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joeBuffer 08-12-2009 09:04 PM

One last tiny question, and I'm sure I could get this by reading it maybe ... but just in case:
I'm still a little thrown off ... in _start, before the first call to factorial, why only one addl $4, %esp after all that?
The rest of them don't clear the arguments from the stack...? I understand how it's working now, much better ... I'm just not sure I understand this quite yet.
This is just the first book I've ever read on assembly, and I'm still getting used to it, and this example really threw me off, I was learning a lot and really understanding things well up until this.


movl %ebp, %esp
popl %ebp

what about clearing the stack of the argument?
maybe I'm still confused. :cry:

neonsignal 08-12-2009 09:19 PM

Normally you would fix up the stack pointer at the end of each function by using the frame pointer in bp. The main factorial code does this at the end:


movl %ebp, %esp
In the initial function, they save a few instructions by not using a frame pointer, and just resetting the stack pointer directly (effectively a pop)


addl $4, %esp

joeBuffer 08-12-2009 09:34 PM

Now, the most obvious question I could possibly ask.
How do the values of ALL of the parameters to ALL of the recursive calls get combined into one return value?
Then, where do all of the parameters passed in recursively go, before you get back to _start and addl $4, %esp?

neonsignal 08-12-2009 09:41 PM

Sorry, perhaps that wasn't very clear. Each time you come back up a level, you are throwing away the parameter from that level


movl %ebp, %esp
They don't all get combined at once. Each level multiplies the parameter into the result, so the result is 'accumulated' in eax.

movl 8(%ebp), %ebx
imull %ebx, %eax

So the stack will go through the following stages:
5 4
5 4 3
5 4 3 2
5 4 3 2 1 (result = 1)
5 4 3 2 (result = 1*2)
5 4 3 (result = 1*2*3)
5 4 (result = 1*2*3*4)
5 (result = 1*2*3*4*5

joeBuffer 08-12-2009 09:44 PM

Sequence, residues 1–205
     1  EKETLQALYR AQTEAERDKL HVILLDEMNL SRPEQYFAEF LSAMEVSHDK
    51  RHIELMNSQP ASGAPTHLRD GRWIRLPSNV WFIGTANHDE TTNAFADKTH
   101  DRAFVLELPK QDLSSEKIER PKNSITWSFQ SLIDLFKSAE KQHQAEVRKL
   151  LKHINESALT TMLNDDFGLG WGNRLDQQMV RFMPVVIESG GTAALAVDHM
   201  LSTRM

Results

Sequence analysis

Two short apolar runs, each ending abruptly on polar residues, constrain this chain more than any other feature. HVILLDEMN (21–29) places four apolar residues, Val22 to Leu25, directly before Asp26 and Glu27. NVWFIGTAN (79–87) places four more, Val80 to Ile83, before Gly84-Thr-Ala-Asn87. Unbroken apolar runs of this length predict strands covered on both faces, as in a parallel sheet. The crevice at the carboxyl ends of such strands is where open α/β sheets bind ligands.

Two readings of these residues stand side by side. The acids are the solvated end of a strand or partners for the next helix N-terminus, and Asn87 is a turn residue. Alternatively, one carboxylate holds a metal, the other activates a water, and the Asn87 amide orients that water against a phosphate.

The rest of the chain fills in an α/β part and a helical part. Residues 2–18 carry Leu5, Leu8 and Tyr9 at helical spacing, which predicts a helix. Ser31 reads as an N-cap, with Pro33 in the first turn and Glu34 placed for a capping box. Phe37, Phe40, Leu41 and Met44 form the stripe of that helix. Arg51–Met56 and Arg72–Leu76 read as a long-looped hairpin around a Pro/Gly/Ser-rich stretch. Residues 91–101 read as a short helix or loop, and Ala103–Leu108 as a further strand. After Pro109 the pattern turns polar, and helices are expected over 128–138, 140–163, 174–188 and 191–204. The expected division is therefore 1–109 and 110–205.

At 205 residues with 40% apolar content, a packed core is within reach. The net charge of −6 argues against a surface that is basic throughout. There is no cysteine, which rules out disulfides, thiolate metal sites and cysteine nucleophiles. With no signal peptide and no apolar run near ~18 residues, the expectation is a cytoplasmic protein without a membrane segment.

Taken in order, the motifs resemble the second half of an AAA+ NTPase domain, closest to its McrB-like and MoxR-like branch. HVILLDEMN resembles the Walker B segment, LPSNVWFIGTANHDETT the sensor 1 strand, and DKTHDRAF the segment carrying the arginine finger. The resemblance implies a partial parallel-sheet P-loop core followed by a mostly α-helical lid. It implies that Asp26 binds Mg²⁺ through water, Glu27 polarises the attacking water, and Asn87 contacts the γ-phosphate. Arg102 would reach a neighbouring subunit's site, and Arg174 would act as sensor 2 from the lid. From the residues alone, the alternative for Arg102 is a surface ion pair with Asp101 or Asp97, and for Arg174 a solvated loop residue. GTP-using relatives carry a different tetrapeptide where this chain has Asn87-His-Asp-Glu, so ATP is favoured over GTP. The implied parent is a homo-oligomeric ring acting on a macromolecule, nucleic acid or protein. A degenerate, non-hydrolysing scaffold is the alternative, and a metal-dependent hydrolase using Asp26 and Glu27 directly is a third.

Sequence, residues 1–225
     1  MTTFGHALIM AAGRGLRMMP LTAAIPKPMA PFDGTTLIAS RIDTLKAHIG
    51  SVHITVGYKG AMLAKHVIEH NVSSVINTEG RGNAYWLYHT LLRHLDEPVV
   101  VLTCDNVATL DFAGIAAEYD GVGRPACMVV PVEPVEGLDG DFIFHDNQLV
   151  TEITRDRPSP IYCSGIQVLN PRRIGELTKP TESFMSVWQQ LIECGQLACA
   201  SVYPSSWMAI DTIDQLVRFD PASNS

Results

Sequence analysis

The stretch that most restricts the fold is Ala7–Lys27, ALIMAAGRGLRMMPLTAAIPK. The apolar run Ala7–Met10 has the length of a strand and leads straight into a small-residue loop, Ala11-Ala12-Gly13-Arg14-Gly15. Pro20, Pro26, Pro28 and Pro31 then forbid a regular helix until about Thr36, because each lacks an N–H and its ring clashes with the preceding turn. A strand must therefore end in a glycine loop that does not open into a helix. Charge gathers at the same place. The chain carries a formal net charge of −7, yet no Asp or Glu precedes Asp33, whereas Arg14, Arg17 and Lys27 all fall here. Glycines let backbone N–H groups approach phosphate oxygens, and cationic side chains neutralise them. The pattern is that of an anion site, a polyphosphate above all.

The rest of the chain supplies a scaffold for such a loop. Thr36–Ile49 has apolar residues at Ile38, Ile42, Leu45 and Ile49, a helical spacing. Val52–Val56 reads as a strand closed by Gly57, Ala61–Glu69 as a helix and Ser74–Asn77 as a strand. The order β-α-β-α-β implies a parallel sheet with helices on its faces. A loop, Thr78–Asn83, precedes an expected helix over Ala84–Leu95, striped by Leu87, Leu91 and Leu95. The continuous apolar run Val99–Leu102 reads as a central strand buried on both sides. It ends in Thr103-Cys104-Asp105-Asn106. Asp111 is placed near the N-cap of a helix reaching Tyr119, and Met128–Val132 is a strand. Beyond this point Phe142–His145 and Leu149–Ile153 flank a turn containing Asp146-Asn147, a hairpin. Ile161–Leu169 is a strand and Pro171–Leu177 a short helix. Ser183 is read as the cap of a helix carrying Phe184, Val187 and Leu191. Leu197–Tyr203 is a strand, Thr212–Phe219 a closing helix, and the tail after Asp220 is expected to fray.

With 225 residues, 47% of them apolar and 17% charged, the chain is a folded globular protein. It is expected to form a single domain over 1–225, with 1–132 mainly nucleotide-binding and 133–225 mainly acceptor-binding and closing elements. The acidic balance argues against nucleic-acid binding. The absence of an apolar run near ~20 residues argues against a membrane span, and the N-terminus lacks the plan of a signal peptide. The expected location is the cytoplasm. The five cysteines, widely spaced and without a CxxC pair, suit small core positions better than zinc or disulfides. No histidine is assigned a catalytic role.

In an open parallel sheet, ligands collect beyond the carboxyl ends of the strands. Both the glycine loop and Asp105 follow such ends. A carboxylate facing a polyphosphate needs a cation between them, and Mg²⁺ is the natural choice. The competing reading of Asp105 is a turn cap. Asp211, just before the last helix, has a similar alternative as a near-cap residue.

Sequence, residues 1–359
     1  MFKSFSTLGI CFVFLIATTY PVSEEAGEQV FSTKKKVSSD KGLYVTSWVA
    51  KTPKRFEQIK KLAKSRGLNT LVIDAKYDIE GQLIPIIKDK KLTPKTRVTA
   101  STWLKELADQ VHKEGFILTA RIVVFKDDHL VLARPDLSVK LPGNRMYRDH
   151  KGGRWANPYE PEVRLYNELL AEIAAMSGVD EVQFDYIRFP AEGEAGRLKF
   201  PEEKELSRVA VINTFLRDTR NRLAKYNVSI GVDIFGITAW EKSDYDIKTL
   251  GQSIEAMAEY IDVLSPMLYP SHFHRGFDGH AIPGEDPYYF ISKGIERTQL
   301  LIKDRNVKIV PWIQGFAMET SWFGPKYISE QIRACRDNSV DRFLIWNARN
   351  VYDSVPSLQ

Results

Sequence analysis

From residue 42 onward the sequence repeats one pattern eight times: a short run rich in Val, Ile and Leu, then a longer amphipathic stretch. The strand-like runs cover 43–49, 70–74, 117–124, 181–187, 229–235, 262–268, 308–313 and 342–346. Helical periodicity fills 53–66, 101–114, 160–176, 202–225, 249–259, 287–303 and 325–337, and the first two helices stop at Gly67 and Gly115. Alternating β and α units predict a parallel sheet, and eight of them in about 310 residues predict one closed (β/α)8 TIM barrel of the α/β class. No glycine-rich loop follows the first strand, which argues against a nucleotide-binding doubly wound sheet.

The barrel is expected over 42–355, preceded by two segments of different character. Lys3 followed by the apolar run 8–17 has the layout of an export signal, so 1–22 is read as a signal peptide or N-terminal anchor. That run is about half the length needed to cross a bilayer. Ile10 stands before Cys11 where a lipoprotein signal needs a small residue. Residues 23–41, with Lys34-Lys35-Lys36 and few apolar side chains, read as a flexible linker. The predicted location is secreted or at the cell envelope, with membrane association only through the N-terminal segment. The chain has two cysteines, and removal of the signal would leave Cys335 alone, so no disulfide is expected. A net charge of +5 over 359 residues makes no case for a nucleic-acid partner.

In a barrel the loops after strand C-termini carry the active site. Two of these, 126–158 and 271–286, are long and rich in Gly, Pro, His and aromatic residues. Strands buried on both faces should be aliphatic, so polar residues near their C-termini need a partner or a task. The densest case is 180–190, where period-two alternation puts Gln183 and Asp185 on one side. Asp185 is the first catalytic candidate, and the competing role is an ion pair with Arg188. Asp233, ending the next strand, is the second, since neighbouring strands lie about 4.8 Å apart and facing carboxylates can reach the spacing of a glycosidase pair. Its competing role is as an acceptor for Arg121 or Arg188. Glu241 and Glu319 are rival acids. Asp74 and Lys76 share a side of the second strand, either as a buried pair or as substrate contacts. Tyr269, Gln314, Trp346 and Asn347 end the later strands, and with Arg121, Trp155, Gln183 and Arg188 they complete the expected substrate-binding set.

Isn't it happening in the opposite direction, then?
Wouldn't it call the factorial function recursively, until the parameter was 1, then 1 is in %eax, then %ebx is multiplied by that %eax in the factorial function with the parameter of 2, then %ebx is multiplied by that %ebx in the factorial function with the parameter of 3, etc.?
It isn't like an actual factorial, 4 * 3 * 2 * 1,
it ends up being 1 * 2 * 3 * 4?

neonsignal 08-12-2009 09:48 PM

Yes, it is happening in the opposite way to the way you would typically express a factorial. Fortunately multiply operations are commutative (meaning you can swap the order and get the same result)!

They are also associative, which means you can also do
5 * (4 * (3 * (2 * (1)))) and get the same result.

So there are several ways to calculate the answer.

Interestingly, this is not true of all other mathematical objects. The chess game example I gave is one where you would have to be more careful about doing things in the correct order when recursing.

joeBuffer 08-12-2009 09:49 PM

I'm sorry to drag this out like this, but I'm very thoroughly under this impression:

the way the stack is for the function, is this:
the argument
the return address
old %ebp <- ebp

When the kaleidoscope of functions here come to an end, this happens:

movl %ebp, %esp
popl %ebp

for every one.
Every one of them has "the argument" at the highest address in the stack.